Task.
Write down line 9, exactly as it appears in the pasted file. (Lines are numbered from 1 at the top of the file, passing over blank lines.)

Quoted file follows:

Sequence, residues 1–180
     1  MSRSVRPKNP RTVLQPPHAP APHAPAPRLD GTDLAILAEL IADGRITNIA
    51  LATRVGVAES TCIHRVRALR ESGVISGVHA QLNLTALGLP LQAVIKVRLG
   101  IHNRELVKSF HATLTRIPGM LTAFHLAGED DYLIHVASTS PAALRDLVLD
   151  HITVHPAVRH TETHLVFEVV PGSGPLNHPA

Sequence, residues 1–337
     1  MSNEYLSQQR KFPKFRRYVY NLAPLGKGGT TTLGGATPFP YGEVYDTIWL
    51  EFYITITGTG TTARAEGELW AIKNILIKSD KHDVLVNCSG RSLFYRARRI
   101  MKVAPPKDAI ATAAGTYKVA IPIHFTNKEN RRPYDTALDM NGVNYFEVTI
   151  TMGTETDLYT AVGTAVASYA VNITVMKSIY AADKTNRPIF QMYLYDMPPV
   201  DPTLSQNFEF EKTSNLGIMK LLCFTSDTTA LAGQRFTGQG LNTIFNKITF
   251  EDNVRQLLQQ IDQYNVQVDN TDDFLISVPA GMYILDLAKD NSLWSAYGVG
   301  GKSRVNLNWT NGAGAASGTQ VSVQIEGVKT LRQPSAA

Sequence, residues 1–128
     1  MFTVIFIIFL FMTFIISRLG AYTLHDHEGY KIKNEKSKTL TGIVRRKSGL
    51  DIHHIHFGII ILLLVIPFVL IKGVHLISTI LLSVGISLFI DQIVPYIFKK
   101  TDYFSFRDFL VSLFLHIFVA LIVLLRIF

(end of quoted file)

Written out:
   101  MKVAPPKDAI ATAAGTYKVA IPIHFTNKEN RRPYDTALDM NGVNYFEVTI